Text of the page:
Wang and colleagues updated the MSKCC experience treating ultra-central lung tumors with hypofractionated stereotactic radiotherapy (15). Eighty-eight patients with ultra-central lung tumors were retrospectively reviewed (15), 76 of whom had tumors abutting the proximal bronchial tree and 23 with PTV overlapping the esophagus (some patients met both criteria). Patients were treated with hypofractionated radiotherapy in 5, 8 or 15 fractions with a BED ≥ 84 Gy. At a median follow-up of 19.6 months, the grade ≥3 overall toxicity rate was 22%. Ten (11%) patients experienced grade 5 toxicity possibly related to SABR, including six who experienced fatal pulmonary hemorrhage, four of whom received anti-angiogenic treatment within 30 days of SABR. Indeed, the probability of fatal pulmonary hemorrhage was found to be significantly higher in patients who were treated with anti-angiogenic agents within a month of SABR compared to those who did not receive these agents (P<0.001). The authors thus recommended that the combination of SABR and anti-angiogenic therapy be avoided in patients with ultra-central lung tumors (15).

Another recent study, published by Tekatli and colleagues, retrospectively reviewed outcomes in 47 medically inoperable patients with single primary or recurrent ultra-central NSCLC tumors treated with a hypofractionated regimen of 60 Gy in 12 fractions (16). In this study, ultra-central tumors were defined as those with PTV overlapping the trachea or main stem bronchus. At a median follow-up of 29.3 months, 38% of patients experienced grade ≥3 toxicity with 21% of patients having a possible or likely grade 5 toxicity, with the most common fatal toxicity being due to pulmonary hemorrhage.

Patients in the Tekatli study were typically of advanced age and poor performance status (16). Tumors were typically large, with median PTV size being 104.5 cc. In 94% of cases, the PTV overlapped the main stem bronchus, while in 43% of cases it overlapped the trachea, and in 36% of cases there was overlap of the PTV with both the trachea and main stem bronchus. Overall, patients in this study were high-risk based on these tumor and patient-related factors. Indeed, these patients were offered this treatment regimen because they were deemed unfit for either surgery or conventional chemoradiotherapy (16).

Another potential risk factor retrospectively identified by Tekatli and colleagues was anti-coagulant or anti-platelet medication use (16). The authors noted that 71% of patients who experienced fatal hemorrhage after hypofractionated radiotherapy were taking oral anti-coagulant or anti-platelet drugs. This was higher than the ~50% of patients who were using these drugs in the overall treated cohort. It is possible that the increased bleeding risk associated with these medications exacerbated the toxicity effect of hypofractionated radiotherapy in these patients. However, this hypothesis requires further study.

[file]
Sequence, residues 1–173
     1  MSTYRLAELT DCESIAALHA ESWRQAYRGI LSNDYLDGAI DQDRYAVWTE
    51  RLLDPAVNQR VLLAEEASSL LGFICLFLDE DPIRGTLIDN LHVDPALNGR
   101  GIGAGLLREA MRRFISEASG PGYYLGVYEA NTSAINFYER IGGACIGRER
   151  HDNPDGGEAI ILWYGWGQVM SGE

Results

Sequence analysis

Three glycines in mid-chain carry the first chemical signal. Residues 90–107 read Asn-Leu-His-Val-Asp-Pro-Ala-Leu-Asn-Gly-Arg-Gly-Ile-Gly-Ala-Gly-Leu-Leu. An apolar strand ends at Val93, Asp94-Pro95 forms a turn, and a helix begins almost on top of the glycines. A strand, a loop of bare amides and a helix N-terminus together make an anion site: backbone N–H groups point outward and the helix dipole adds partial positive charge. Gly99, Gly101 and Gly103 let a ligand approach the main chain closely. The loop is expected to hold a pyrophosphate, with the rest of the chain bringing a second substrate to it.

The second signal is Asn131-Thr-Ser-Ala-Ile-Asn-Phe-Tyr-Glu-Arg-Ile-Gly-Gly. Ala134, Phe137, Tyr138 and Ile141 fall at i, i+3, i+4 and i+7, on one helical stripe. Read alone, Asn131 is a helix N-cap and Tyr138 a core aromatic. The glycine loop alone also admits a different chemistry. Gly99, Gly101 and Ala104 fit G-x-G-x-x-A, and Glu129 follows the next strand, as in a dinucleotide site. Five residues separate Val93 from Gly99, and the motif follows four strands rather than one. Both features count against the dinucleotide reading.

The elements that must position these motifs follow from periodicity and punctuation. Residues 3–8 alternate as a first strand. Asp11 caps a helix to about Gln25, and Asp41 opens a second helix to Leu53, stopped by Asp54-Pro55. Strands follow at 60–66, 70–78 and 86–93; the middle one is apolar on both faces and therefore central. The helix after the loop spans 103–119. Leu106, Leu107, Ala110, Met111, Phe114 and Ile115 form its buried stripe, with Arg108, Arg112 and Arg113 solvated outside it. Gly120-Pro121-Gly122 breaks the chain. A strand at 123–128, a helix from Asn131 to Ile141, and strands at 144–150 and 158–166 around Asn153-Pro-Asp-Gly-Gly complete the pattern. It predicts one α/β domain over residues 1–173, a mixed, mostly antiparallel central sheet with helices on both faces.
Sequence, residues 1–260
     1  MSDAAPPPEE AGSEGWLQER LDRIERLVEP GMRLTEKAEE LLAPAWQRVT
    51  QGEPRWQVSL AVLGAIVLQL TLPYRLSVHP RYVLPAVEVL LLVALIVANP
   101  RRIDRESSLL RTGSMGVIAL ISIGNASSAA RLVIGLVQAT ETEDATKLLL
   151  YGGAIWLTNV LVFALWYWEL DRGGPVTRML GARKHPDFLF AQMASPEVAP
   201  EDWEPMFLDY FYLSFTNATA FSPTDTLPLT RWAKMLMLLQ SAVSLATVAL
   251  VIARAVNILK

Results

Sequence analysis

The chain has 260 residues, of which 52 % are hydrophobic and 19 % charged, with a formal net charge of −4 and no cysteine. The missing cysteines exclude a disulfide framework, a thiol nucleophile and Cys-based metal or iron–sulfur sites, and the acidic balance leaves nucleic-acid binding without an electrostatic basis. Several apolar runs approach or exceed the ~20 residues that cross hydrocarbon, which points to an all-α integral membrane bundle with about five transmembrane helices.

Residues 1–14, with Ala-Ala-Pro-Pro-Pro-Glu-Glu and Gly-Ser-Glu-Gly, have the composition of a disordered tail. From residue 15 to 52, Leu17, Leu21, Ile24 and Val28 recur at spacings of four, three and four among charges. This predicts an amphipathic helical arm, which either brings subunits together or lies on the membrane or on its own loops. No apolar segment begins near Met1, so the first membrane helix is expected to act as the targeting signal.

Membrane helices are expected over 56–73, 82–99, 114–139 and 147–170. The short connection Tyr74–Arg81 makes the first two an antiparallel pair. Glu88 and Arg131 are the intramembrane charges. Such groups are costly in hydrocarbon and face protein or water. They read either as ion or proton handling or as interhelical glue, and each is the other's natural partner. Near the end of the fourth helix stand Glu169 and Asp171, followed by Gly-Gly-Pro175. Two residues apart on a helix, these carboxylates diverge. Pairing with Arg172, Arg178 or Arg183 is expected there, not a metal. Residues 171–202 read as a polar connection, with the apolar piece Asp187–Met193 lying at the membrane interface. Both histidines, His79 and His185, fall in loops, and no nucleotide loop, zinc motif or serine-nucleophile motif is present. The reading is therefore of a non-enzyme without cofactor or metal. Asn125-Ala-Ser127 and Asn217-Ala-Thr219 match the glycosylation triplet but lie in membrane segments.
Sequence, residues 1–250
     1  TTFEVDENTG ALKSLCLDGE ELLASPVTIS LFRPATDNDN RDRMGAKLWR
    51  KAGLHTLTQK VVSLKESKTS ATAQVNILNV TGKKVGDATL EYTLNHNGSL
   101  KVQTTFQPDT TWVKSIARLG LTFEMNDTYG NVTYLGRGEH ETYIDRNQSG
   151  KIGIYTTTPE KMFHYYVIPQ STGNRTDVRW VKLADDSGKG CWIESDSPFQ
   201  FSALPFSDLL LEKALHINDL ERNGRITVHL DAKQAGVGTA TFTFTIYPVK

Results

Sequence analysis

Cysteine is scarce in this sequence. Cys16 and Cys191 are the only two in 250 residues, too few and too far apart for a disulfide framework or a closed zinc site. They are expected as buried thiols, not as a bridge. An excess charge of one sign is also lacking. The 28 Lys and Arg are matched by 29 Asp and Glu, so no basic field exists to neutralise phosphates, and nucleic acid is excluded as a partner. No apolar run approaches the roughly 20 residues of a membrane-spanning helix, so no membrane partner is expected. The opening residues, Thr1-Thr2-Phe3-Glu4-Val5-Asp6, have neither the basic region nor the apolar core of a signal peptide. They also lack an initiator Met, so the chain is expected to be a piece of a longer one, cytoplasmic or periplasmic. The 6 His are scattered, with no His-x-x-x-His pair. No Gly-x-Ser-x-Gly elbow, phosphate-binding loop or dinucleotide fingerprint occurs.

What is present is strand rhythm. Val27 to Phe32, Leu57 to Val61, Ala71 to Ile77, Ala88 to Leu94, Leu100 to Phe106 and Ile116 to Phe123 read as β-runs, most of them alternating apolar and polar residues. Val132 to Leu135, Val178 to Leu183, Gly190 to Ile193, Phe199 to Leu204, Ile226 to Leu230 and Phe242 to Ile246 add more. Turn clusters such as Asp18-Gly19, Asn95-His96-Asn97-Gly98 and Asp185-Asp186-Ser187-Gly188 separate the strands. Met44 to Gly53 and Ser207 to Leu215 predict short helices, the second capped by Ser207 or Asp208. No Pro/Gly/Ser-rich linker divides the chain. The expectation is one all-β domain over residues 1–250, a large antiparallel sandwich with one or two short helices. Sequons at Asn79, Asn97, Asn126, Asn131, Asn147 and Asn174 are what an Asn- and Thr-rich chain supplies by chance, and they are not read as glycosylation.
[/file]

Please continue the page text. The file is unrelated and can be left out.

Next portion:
Tekatli and colleagues also determined that fatal hemorrhage cases occurred in 3 of 4 (75%) cases of interstitial lung disease (16). Interstitial lung disease is thought to be a risk factor for high grade pulmonary complications after radiation therapy (28,29), but it is unclear how it relates to the pathogenesis of acute hemorrhage. Therefore, this hypothesis is another topic that merits further study.

Similar to the regimen employed by Tekatli et al. (16), UT Southwestern and Stanford published their prospective dose escalation study treating NSCLC patients with 50 to 60 Gy in 15 fractions where 19 patients were treated with 60 Gy in 15 fractions, and these treatments were generally well-tolerated (30). The Stanford group (Pollom et al.) also performed a retrospective study on patients treated between 52.5 Gy and 60 Gy in 15 fractions (31), 30 of whom were treated with 60 Gy. Both these studies were predominantly comprised of patients who were not candidates for surgery or concurrent chemoradiation (30,31), similar to the patient population included in Tekatli’s retrospective study (16).

The discrepancy in toxicity outcomes between Tekatli’s study (16) and the published 15-fraction data (30,31) is unclear, and perhaps may be attributed to dose to the proximal pulmonary artery. Pollom et al. frequently included paratracheal and subcarinal lymphadenopathy abutting the trachea and mainstem bronchus, but avoided cases in which the tumor encased the proximal pulmonary artery (31). Another possibility is that tumors were not treated as conformally in the Tekatli study, which used intensity modulated radiotherapy (IMRT) with 4-7 coplanar beams (16), compared to the Pollom’s study which typically used multi-beam or arc-based IMRT (31). Tekatli and colleagues also performed a retrospective dosimetric analysis on their cohort. While no significant differences were reported, there was an apparent trend towards higher maximum point doses (as high as 84 Gy) in the 7 patients who experienced fatal hemoptysis (16). Thus, differences in toxicity between the Tekatli et al. data using 60 Gy in 12 fractions (16) and the Pollom et al. data using predominantly 60 Gy in 15 fractions (31) could be in part due to different dosimetry, an issue that is exacerbated by a lack of consensus for tumor and normal tissue constraints for ultra-central lung tumor cases.

Another possible explanation for the high toxicity rate in Tekatli’s study is that 53% of patients had endobronchial tumor present (16). Notably, 43% of patients who developed fatal hemorrhage after hypofractionated radiotherapy were treated for an endobronchial lesion. The authors also noted that malignancy was not pathologically proven in 11 (23%) patients, among which five experienced significant bleeding or clinical deterioration during bronchoscopy that required termination of the procedure. Thus, it is possible that patients in Tekatli’s study were at especially high risk for acute pulmonary hemorrhage because patients typically underwent bronchoscopic biopsy shortly before radiotherapy of predominantly endobronchial tumors (16).